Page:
Canadian writer D.W. Wilson has become the youngest ever winner of the BBC National Short Story Award.

Wilson, 26, received the £15,000 (approximately $24,000 Cdn) prize at a London gala on Monday evening for his tale The Dead Roads.

The story, about two former schoolmates vying for the affections of a free-spirited woman during a road trip across Alberta, is "perfectly constructed," the judging panel said.

"The judges were unanimous in their choice of David Wilson's story as the winner: a beautifully crafted and involving tale set in the Canadian Rockies. His offbeat, slightly wayward quartet of characters stays with you long after your first reading. The plot is tightly controlled and builds the tension perfectly. A rattling good read," jury chair Sue MacGregor said in a statement.

The other finalists were:

  • Rag Love by M.J. Hyland
  • The Heart of Denis Noble by Alison MacLeod
  • Wires by Jon McGregor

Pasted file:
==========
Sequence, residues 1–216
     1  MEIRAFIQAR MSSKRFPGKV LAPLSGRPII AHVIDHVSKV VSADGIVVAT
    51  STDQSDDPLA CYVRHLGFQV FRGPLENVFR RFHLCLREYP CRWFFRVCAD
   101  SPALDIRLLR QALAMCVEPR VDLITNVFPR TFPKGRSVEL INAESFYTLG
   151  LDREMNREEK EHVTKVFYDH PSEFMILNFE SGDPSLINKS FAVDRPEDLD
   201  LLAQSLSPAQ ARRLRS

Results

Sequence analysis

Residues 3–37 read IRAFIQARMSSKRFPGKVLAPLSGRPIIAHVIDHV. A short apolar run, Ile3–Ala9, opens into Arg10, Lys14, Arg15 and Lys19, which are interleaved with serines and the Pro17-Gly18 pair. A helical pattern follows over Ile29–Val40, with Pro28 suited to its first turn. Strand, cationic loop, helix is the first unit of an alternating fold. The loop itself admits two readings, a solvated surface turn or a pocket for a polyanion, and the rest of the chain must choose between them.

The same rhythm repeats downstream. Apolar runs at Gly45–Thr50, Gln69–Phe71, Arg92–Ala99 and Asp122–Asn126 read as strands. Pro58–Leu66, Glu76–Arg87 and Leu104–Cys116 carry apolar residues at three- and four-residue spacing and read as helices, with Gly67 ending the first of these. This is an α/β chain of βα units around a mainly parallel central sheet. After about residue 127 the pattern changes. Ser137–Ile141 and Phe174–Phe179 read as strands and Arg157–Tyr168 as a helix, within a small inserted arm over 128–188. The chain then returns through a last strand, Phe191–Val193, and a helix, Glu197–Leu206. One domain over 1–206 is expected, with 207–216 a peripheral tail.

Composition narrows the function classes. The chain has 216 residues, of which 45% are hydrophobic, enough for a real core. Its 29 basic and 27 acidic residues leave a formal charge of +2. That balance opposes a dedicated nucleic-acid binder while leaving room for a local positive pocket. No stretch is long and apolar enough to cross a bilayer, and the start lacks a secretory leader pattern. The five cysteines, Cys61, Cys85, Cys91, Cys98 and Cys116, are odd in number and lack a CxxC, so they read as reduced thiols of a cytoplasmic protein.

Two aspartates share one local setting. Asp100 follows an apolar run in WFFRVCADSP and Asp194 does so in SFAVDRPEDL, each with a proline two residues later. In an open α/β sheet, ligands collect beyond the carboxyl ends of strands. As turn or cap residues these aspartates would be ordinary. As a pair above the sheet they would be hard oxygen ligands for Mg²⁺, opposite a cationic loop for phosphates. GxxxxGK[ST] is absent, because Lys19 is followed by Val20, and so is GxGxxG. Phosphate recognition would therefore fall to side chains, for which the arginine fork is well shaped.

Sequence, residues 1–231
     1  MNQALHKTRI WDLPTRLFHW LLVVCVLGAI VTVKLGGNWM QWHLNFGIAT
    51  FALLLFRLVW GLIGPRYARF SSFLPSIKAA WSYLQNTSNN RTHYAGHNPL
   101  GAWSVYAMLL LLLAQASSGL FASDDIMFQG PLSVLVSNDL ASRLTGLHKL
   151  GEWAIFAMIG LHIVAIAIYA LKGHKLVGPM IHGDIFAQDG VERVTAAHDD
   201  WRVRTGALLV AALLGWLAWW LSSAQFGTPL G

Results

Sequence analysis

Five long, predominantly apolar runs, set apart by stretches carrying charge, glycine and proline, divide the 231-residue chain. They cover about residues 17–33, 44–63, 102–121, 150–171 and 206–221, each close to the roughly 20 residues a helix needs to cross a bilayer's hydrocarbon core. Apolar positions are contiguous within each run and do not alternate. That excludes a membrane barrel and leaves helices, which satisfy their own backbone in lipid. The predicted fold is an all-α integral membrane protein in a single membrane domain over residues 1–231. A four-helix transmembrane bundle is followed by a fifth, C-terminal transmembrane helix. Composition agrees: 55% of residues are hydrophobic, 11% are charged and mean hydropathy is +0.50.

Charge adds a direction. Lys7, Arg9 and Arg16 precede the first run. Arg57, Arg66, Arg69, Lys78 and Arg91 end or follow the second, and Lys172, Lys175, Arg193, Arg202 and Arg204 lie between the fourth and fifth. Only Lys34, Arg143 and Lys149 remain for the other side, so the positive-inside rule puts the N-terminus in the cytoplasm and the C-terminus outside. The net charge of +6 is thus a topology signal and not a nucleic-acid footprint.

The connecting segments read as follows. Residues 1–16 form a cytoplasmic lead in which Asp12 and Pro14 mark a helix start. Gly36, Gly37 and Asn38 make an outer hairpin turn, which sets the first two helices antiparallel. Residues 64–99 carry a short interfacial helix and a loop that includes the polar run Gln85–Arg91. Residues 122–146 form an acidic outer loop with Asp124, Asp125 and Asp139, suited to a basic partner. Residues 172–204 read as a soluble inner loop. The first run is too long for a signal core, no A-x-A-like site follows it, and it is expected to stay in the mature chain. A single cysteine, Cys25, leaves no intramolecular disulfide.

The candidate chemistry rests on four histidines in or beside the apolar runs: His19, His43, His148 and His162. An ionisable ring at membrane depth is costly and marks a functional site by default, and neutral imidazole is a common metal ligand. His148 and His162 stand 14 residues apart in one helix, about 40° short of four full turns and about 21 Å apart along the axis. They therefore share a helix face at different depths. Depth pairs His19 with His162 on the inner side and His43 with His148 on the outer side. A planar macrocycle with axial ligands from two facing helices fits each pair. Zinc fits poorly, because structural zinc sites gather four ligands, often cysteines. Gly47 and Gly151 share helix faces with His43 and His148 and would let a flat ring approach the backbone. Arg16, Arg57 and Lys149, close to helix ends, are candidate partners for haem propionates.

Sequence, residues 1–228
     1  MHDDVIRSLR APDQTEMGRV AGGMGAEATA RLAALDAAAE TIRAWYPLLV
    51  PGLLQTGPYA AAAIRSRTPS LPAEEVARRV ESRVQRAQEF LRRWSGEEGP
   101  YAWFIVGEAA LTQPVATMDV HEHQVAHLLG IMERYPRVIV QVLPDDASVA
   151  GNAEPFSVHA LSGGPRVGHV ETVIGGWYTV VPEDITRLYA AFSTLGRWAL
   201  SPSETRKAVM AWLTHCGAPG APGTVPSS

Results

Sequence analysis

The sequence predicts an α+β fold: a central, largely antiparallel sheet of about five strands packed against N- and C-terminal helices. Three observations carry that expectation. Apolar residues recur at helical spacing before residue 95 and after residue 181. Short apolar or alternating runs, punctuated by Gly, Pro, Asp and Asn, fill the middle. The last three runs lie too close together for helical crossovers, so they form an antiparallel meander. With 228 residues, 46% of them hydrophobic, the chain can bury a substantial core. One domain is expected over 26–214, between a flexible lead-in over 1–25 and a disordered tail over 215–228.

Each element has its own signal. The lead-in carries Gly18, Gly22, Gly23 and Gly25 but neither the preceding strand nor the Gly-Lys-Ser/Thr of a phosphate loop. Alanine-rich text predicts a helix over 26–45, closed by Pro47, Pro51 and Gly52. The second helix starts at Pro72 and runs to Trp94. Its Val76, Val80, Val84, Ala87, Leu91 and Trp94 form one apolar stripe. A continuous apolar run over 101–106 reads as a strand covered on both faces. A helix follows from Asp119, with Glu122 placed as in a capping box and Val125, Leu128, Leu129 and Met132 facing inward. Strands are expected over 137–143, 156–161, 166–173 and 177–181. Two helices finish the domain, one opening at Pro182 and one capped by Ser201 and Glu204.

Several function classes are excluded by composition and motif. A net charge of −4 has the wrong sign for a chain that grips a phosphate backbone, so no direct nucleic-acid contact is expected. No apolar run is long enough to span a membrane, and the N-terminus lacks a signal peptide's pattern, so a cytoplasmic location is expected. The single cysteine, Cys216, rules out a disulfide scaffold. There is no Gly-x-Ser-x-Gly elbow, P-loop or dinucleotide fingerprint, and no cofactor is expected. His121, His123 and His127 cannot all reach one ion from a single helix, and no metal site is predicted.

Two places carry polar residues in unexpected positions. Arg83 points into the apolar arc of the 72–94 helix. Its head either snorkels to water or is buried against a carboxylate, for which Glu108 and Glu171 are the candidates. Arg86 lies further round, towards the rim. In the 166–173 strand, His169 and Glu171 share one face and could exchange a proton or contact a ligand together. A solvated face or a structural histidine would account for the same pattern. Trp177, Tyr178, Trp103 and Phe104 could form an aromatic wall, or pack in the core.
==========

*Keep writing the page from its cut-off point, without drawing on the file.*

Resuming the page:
• The Human Circadian Pacemaker by K.J. Orr

McGregor was runner up and received £3,000 (about $4,800 Cdn). The three remaining finalists each received £500 (about $800 Cdn).

Hailing from Kootenay Valley, B.C., Wilson moved to the U.K. as the inaugural recipient of the Man Booker Prize Scholarship for creative writing at the University of East Anglia. He is currently a PhD candidate for creative and critical writing at the school.

Wilson released his debut short story collection Once You Break A Knuckle this month. He is also a National Magazine Award-nominee whose stories have been published in literary journals such as Malahat Review, Grain and Southword.

Top U.K. actors offered readings of all five of the shortlisted stories during a BBC Radio broadcast in mid-September. The five shortlisted tales have also been collected in an anthology by publisher Comma Press.

Now in its sixth year, the BBC National Short Story Award celebrates contemporary British short fiction and is open to British writers or fiction authors living in the U.K.